On Saturday, Justice Chelameswar told a gathering at the Asian School of Journalism in Chennai after releasing a book that it would be a sad mistake if the people believe that the Constitution would on its own safeguard them and their rights.

“If people are not vigilant, if people do not take care of their rights, people do not bother about their liberties, people do not stand up and fight for their lives and liberties, no document, no Constitution can save their lives and liberties,” The Hindu newspaper quoted Justice Chelameswar as saying.

In New Delhi, Sibal said he didn’t feel like talking about these issues publicly, having worked in the Supreme Court for 50 years, but felt that the time had come to speak up.

“If we won’t, who will speak? People say the Supreme Court is a great institution which has given great verdicts. But what is happening on the ground is more important,” he said.

Sibal added: “Are the judgments implemented honestly? They gave the privacy judgment (of 2017, upholding privacy as a fundamental right). When the Enforcement Directorate and income-tax raids your house, isn’t privacy violated?”

Sibal contended that the PMLA judgment had undermined individual liberties.

“If I cheat you, it is up to the inspector to decide whether he wants to prosecute me under the PMLA or the IPC (Indian Penal Code). If Rs 10,000 is recovered from you, that can be presumed to be proceeds of crime and the PMLA will be in operation,” he said.

The PMLA has stringent bail conditions which, too, the recent apex court judgment upheld.

Sibal asked what the Supreme Court had done about hate speeches, citing the recent dharma sansads (religious conclaves) from where calls were reportedly sounded for genocide against Muslims.

“Hate speeches continue unabated. Dharma sansads — where those speeches were made, compelling us to wonder what kind of society we lived in — also continue. One or two persons were arrested but they got bail in a day or two,” he said.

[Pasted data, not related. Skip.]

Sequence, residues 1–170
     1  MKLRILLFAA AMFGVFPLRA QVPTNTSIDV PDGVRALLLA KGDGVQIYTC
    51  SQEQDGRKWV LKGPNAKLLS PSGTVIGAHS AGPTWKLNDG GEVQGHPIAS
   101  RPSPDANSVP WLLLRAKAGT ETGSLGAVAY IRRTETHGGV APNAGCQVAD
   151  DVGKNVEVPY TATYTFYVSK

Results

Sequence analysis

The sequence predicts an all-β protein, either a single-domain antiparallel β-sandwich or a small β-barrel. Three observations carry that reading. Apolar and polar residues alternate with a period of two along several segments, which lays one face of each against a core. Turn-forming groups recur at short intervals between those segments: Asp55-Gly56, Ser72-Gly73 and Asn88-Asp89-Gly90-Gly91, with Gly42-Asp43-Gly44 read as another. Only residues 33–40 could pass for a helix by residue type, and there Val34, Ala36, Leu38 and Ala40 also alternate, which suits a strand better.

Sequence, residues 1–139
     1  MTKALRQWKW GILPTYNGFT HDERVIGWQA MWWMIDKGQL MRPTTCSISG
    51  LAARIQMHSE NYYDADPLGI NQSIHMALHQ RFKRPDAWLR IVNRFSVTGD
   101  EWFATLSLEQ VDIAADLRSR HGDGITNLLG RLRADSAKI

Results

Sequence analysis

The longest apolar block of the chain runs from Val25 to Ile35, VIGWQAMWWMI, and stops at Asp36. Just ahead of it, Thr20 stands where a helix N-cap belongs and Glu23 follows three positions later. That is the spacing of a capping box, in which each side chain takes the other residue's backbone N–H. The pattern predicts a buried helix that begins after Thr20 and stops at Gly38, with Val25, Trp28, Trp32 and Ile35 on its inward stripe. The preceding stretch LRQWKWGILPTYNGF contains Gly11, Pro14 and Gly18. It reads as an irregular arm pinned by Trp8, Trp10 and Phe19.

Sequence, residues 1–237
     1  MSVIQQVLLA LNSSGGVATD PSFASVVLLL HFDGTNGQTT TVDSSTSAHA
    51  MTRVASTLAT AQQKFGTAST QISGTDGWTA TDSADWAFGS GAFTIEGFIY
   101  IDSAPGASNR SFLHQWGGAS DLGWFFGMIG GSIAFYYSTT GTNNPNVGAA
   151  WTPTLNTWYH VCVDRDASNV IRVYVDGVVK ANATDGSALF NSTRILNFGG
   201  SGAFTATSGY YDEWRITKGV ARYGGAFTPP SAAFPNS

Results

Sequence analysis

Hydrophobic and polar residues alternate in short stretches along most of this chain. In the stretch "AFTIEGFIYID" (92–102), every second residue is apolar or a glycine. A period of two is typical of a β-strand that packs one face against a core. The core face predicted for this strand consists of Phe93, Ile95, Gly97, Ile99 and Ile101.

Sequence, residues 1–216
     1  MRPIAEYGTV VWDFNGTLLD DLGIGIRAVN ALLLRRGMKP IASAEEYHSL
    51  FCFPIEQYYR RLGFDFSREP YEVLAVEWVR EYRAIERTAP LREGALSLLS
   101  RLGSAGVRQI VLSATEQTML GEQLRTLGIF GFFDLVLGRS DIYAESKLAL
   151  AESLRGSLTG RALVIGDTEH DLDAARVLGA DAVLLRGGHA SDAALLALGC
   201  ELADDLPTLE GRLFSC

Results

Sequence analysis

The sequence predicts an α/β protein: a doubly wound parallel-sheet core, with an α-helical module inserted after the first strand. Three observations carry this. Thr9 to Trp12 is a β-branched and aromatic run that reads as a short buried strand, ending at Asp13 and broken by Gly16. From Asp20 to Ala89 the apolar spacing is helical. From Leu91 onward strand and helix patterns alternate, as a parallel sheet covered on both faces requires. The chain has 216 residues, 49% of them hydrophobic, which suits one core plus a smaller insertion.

Sena ruling today

Sibal’s expression of scepticism about the Supreme Court’s role comes at a time Uddhav Thackeray’s Shiv Sena, the Congress and the NCP are hoping the top court would intervene to end the culture of engineering defections to topple governments.

The apex court is scheduled to deliver its judgment on Monday in the Maharashtra case, where Sibal is representing Uddhav’s faction, which has not just lost its government but might lose its identity and election symbol to the defectors.

Sibal spoke of a case where he said he had correctly anticipated the unfavourable outcome.

“I won’t name the case but a woman came to me and asked me to fight for the bail of her husband who was in jail for many years. I told her straightaway that no judge would give him bail,” he said.

“Her husband is a famous person in the country. She insisted that she had faith in the judiciary. I moved the Supreme Court and what I predicted happened.”

He added: “In the Zakia case, we presented before the court only authenticated official papers. On similar evidence, convictions have happened in Gujarat riots. But the court didn’t listen.

“I will give you an example. You played Babu Bajrangi tapes. There are many (pieces of) evidence. We know that several cases of arson happened during the Gujarat riots. Intelligence officials called the fire brigade to inform them about the incident. We had the original correspondence between intelligence and the fire brigade. Records showed not one call was taken.

“We asked the court — did the SIT enquire what the fire brigade was doing? No. The SIT obviously didn’t do its job. The SIT did what even a law student knows shouldn’t be done — the strange thing of accepting the version of the accused.”

Babu Bajrangi, a Bajrang Dal activist sentenced in 2012 to 21 years in jail over the 2002 Naroda Patiya massacre of 97 people, had purportedly been caught on tape by Tehelka magazine in 2007 boasting about his role in the rioting. The apex court granted him bail in 2019 after a medical report certified him as blind.

The original piece may be read here